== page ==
I think the son in law should give your son fair warning of a month and say that he can either remove the stuff himself, start paying for the storage unit, or the brother in law will have a big garage sale and keep the money for himself. The stuff technically belongs to the brother in law because it’s in his unit and he pays for it and your son never made any moves, or wrote out any kind of paperwork or contract saying that the stuff was his or what kind of arrangement he was going to make. The son in law is definintely doing a huge favor for your son, one that will probably forever go un-recognized and un-thanked.

JLeslie's avatar

Although, if your son wants his stuff, he has to go and get it, or start paying. If he does want his stuff, it would be nice if he paid back his BIL. I think your BIL should send your son a certified letter stating he will no longer be paying the storage facility, and if he wants the items he has until such and such date to recover anything he wants, the rest will be disposed of.

BarnacleBill's avatar

I agree with JLeslie. Have SIL send your son a certified letter, give him 30 days, then donate it to the Goodwill. “Not to decide is to decide.” If your son wanted the stuff, he would have retreived it when your SIL moved. He seems to be living just fine without all of his crap.

john65pennington's avatar

This is strictly a civil matter and an attorney should be contacted for the right moves in that particular state.

jlelandg's avatar

@Jeruba is money on this thread.

UScitizen's avatar

You asked this question about two decades too late. He needed to learn responsibility through out life. Let him learn the hard way, now.

jca's avatar

Another option is the son in law could send your son a letter, give him a deadline and let him know the stuff will be brought to his residence. Then tye SIL could take the stuff out and drop it where your son lives (i hope not at your house) and let your son deal with it. This way it’s not like he stole it or sold it. I am wondering why the SIL took on this burden in the first place. your son sounds like he needs a wake up call, and i think everyone handling his business for him is not helpful in the long run.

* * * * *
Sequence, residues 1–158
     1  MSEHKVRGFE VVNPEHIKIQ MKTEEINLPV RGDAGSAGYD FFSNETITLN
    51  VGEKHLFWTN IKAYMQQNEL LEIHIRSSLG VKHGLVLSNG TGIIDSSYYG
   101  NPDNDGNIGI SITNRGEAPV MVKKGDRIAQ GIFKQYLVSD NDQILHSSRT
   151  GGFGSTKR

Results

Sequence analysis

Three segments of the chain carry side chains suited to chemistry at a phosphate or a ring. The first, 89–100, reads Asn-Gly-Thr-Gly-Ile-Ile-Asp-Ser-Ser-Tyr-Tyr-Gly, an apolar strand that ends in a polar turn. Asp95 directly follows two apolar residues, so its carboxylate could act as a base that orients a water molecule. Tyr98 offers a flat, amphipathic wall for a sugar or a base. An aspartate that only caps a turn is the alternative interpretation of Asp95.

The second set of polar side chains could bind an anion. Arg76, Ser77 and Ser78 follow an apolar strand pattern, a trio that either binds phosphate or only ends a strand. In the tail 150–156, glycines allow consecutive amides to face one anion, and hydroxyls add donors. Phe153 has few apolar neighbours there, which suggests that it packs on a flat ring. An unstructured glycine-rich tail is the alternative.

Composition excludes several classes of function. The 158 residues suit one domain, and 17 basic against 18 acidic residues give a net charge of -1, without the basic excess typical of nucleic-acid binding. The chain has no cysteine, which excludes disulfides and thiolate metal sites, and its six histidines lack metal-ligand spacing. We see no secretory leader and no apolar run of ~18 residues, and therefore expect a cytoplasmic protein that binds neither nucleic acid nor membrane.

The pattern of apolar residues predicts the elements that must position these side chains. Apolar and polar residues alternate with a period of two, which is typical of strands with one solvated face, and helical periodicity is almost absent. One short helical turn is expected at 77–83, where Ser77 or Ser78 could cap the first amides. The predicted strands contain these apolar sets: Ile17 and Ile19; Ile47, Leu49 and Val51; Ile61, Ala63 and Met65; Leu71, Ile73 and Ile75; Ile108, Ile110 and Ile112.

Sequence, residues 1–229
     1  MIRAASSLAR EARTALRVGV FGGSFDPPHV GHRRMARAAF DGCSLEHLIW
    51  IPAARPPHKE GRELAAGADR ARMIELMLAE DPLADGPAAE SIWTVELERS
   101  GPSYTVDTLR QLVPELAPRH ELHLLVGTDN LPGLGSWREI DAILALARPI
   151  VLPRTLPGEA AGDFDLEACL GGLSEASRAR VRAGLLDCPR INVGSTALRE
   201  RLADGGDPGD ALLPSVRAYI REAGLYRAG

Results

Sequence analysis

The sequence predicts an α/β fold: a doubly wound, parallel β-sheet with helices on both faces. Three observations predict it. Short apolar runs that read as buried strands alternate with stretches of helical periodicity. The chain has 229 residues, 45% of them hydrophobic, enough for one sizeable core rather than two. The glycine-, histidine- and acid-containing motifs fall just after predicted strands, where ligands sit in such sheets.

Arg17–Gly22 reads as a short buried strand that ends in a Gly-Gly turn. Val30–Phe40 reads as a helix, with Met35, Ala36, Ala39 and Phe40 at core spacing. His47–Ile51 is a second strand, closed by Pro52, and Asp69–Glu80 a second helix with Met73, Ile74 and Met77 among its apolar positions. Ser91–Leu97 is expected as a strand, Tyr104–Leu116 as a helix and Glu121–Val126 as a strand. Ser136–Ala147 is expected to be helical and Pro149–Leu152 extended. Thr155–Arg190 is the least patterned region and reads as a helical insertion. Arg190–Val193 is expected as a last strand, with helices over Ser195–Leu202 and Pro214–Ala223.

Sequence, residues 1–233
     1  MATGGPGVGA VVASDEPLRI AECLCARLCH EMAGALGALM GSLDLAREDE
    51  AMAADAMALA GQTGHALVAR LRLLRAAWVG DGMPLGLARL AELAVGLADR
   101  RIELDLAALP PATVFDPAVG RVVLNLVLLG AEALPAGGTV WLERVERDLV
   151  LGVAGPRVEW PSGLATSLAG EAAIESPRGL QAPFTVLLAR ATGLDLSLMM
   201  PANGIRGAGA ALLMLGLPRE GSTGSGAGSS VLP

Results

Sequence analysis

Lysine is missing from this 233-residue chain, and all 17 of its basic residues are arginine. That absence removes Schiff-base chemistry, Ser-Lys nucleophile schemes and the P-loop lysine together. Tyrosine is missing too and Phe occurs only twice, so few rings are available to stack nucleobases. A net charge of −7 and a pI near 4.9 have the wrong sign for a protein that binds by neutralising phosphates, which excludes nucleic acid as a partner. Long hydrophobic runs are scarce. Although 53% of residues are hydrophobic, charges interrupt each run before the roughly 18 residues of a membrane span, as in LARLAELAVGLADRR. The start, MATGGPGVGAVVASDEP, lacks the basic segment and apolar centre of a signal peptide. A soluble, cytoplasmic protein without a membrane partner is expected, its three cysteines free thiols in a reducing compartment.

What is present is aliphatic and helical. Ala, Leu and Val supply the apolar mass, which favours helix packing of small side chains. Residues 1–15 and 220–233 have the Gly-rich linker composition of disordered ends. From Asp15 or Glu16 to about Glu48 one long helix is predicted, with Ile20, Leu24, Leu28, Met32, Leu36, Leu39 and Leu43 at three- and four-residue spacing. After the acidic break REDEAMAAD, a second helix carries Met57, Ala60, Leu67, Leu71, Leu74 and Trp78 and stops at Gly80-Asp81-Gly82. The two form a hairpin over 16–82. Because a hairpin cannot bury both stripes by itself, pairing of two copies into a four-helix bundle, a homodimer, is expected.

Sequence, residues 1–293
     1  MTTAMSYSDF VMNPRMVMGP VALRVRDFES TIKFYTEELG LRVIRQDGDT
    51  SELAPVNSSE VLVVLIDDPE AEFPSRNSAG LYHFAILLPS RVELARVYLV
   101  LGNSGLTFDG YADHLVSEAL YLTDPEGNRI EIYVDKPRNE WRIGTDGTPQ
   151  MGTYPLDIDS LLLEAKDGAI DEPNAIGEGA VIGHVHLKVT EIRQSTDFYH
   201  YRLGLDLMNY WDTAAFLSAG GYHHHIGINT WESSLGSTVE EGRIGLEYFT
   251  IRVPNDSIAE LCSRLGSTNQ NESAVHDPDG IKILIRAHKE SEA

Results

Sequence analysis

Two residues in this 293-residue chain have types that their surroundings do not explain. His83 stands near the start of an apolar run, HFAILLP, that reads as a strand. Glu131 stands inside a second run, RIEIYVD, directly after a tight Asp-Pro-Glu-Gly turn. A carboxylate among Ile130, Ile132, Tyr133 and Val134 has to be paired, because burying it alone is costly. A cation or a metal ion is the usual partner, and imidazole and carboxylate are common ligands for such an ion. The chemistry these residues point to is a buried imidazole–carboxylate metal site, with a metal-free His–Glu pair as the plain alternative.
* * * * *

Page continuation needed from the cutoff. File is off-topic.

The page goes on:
Contacting a lawyer is a wonderful idea but will probably cost some money. Your son could also say he never asked for the stuff to be put in storage, so while it was very generous of the SIL to do so, nobody gave him permission to or agreed to pay this monthly fee.

jca's avatar

If you wish, please post an update as to the outcome.

The Update Lady

snowberry's avatar

I agree 100% that we messed up when he was little. Hubby was lamenting that last night. See, every time son does something bone headed, daughter calls me and says, “Do something!” Well, I can’t do something because he won’t listen to us. But I can suggest to SIL what his options are.

Thanks everyone for your responses.

BarnacleBill's avatar

About the only thing you can do at this point is to stop bailing him out and let him deal with the consequences of his own decisions. Hand him responsibility for his life. If people keep fixing his boneheadedness, he will never change because there’s no reason to.